Health Canada announces recall of foaming soap due to bacterial contamination
The recall notice says the Avmor Ltd. product, called Antimicrobial Foaming Hand Soap, is used in places like offices and hospitals. (image courtesy Health Canada)
The Candian Press
Published Monday, October 15, 2012 2:18PM CST
Last Updated Monday, October 15, 2012 2:23PM CST
TORONTO -- A Quebec company is voluntarily recalling one lot of its antimicrobial foaming hand soap because the product has been found to be contaminated with bacteria.
A spokesperson for Avmor Ltd., which makes professional cleaning products, says most of the unused soap in the affected lot is already back in the company's hands.
Paul Goldin, the company's director of marketing and technical services, says there were 1,020 one-litre containers in the recalled lot.
Health Canada says testing shows the soap contains the bacteria Pseudomonas aeruginosa, which can pose a serious health risk, particularly to people with weakened immune systems.
The recall notice says the product, called Antimicrobial Foaming Hand Soap, is used in places like offices and hospitals.
Goldin said if it is used in hospitals, it would not be used in surgical suites.
To date there haven't been any reports of illness associated with use of the product.
Goldin says the product was originally distributed widely in Canada, with some of the product going to Atlantic Canada, Ontario, Quebec and British Columbia.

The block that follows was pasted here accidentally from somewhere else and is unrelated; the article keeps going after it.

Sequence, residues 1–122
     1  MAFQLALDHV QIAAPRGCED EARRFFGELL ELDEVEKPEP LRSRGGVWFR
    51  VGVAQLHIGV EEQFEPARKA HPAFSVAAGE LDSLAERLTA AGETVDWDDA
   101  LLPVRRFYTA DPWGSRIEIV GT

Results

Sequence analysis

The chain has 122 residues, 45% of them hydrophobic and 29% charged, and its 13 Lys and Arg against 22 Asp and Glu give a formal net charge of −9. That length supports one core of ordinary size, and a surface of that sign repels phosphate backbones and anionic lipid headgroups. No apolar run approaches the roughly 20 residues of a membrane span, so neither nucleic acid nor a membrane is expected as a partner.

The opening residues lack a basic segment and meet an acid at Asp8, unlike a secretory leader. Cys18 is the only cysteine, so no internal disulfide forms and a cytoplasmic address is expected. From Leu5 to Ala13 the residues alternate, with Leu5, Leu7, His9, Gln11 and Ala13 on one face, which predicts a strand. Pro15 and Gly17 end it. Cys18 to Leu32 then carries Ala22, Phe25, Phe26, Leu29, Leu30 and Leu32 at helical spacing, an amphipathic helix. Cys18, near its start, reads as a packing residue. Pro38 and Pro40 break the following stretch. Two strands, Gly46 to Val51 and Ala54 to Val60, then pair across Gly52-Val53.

It is sold in a one-litre clear plastic cartridge with a foaming pump. The product's drug identification number (DIN) is 02319144 and the affected lot is numbered F121392032.
Pseudomonas aeruginosa can trigger pneumonia, bone infections, urinary tract infections, gastrointestinal infections, meningitis and blood infections in people whose immune system has been weakened by conditions such as cystic fibrosis, HIV/AIDS, severe lung disease, burns, cancer or diabetes.
In healthy people, Pseudomonas bacteria can cause local infections, abscesses and blood infections if they enter the body through cuts, lesions and open burn wounds. These bacteria are also associated with infections of the eye and outer ear.
Pseudomonas bacteria are often found in water. Goldin said Avmor has been working to try to find the source of the contamination and to improve its production line to protect against future contamination.